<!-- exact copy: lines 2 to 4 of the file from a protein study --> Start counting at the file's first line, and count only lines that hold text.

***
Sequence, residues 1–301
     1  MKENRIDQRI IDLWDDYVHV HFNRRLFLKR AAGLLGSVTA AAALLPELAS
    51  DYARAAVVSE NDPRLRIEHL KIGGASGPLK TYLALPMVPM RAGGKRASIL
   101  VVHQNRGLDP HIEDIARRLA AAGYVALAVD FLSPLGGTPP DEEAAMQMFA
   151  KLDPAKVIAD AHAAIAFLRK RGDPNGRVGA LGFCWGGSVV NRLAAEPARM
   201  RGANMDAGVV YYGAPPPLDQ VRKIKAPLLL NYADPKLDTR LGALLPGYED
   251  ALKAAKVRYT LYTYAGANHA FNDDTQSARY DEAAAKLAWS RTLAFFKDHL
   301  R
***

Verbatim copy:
     1  MKENRIDQRI IDLWDDYVHV HFNRRLFLKR AAGLLGSVTA AAALLPELAS
    51  DYARAAVVSE NDPRLRIEHL KIGGASGPLK TYLALPMVPM RAGGKRASIL
   101  VVHQNRGLDP HIEDIARRLA AAGYVALAVD FLSPLGGTPP DEEAAMQMFA